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Pau d'Arco: Immune Power from the Rain Forest

Pau d'Arco: Immune Power from the Rain Forest

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Pau d'Arco: Immune Power from the Rain Forest

246 pagine
1 ora
Mar 1, 1995


As the most complete chronicle of the science and folklore of pau d’arco, this book will serve as an invaluable resource for herbalists, scientists, and anyone interested in medicines from the rain forests of South America. Kenneth Jones describes the different varieties of pau d’arco and their applications in South American folk medicine, as well as giving clear directions for the herb’s preparation and dosage in the form of a tea and as an extract. Reviewing the wide-ranging scientific literature concerning pau d’arco, he also summarizes the results of the most up-to-date research on its medical benefits. Moreover, he points out the ecological dangers facing this and other valuable rain forest plants, stressing our need to ensure the sustainability of the tropical rain forests and the life giving herbs they contain.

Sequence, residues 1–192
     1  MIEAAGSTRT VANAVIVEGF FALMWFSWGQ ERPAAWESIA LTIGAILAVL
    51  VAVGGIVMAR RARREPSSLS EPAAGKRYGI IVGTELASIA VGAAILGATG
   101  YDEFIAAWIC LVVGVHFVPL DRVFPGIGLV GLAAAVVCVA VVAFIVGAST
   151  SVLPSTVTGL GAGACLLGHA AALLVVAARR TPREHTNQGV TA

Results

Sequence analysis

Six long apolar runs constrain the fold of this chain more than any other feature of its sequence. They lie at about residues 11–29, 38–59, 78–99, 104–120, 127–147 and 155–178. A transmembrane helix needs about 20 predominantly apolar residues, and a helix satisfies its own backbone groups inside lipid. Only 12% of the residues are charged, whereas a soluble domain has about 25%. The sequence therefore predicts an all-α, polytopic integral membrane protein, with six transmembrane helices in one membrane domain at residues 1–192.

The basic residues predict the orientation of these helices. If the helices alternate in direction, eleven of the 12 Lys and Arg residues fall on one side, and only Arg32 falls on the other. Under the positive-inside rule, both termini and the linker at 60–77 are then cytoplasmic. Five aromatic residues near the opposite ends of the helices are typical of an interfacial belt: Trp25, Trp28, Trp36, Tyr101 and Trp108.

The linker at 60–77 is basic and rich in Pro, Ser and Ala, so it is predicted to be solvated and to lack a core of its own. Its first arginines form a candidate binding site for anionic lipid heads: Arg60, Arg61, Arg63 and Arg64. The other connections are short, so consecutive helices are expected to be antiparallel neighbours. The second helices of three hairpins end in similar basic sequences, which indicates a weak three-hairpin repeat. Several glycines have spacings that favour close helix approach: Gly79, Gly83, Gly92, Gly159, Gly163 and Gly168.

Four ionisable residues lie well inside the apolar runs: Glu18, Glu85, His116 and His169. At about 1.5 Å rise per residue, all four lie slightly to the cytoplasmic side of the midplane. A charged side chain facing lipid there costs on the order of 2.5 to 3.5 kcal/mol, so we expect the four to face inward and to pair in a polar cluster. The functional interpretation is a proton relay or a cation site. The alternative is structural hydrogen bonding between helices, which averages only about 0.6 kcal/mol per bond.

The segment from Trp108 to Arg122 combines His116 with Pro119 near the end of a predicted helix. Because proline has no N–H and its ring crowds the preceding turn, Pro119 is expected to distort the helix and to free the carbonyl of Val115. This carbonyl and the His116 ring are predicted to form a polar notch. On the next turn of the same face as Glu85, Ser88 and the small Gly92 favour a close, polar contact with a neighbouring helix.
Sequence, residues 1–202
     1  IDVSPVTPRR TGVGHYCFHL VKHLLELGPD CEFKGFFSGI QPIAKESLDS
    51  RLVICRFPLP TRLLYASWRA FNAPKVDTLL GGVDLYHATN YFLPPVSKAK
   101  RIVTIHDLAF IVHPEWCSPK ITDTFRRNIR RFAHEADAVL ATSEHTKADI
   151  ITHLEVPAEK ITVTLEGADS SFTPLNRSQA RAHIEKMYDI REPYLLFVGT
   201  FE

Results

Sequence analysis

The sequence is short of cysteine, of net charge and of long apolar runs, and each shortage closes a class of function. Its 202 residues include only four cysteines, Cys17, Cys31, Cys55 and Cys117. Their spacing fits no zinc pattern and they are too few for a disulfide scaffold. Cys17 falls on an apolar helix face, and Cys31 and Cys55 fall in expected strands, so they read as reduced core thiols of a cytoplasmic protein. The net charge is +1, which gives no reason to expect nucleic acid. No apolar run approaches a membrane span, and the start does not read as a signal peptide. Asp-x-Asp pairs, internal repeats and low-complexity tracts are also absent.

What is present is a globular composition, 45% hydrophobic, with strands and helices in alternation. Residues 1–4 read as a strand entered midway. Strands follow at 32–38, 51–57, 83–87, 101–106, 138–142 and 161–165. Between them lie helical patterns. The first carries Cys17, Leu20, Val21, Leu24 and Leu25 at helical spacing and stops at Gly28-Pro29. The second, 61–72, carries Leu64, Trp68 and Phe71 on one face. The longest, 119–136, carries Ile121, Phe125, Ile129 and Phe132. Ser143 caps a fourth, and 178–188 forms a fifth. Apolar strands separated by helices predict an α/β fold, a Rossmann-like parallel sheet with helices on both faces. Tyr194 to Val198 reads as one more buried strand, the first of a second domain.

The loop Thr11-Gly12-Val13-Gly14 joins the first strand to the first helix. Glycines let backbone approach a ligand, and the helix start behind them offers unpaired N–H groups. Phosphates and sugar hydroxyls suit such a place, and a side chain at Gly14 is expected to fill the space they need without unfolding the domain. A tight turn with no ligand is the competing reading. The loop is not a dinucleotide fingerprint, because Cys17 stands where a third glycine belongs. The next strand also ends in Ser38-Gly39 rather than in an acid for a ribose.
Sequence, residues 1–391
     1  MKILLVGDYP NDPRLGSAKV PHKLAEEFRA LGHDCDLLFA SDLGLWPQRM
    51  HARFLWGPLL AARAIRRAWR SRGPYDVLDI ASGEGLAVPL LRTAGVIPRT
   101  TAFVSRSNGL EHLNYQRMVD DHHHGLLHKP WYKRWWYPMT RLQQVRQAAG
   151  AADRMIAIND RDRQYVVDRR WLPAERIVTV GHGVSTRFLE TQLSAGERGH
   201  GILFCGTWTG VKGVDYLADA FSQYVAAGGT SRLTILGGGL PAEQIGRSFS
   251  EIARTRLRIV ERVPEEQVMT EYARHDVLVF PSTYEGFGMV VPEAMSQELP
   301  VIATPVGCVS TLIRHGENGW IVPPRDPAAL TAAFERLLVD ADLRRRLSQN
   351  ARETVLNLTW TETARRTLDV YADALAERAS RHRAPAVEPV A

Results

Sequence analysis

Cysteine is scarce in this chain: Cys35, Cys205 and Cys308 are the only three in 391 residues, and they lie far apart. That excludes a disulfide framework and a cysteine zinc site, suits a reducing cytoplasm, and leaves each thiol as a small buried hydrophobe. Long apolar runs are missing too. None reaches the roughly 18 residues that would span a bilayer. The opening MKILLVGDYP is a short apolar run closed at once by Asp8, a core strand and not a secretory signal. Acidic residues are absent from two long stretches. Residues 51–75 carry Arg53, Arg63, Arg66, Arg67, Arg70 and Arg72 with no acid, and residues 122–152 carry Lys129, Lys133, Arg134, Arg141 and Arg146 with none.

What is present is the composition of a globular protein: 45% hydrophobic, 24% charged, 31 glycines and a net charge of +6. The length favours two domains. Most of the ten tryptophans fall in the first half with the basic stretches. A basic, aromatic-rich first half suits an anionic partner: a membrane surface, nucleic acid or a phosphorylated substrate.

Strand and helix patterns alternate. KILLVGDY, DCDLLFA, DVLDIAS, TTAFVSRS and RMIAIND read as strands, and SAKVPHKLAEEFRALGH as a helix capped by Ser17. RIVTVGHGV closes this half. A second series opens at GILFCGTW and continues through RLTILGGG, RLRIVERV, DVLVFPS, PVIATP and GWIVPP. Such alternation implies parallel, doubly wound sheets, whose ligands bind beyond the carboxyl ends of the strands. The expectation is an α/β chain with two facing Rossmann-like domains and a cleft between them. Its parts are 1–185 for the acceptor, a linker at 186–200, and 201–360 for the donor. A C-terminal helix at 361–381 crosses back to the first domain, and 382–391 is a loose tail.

Mar 1, 1995

Informazioni sull'autore

Kenneth Jones is a medical writer specializing in medicinal plants. He has served as a consultant to herbal product manufacturers for product development, and has been interviewed on radio and in several health publications. He lives near Vancouver, B.C.

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Pau d'Arco - Kenneth Jones


I began this book thirteen years ago, and it grew to occupy most of my spare time. The constraints of personally funding such a lengthy work and the neglect of pau d’arco in medicinal plant research kept it from being completed any sooner. Added to that, most of pau d’arco’s uses are centered in South America, which meant that only a few individuals could offer me research assistance. Those who did cut the way across an otherwise insurmountable terrain, the roughest of which was language. I am grateful to Yom Shamash for making invaluable translations of Brazilian studies. Long-awaited, more definitive studies in Germany were expertly translated by Shanti Coble.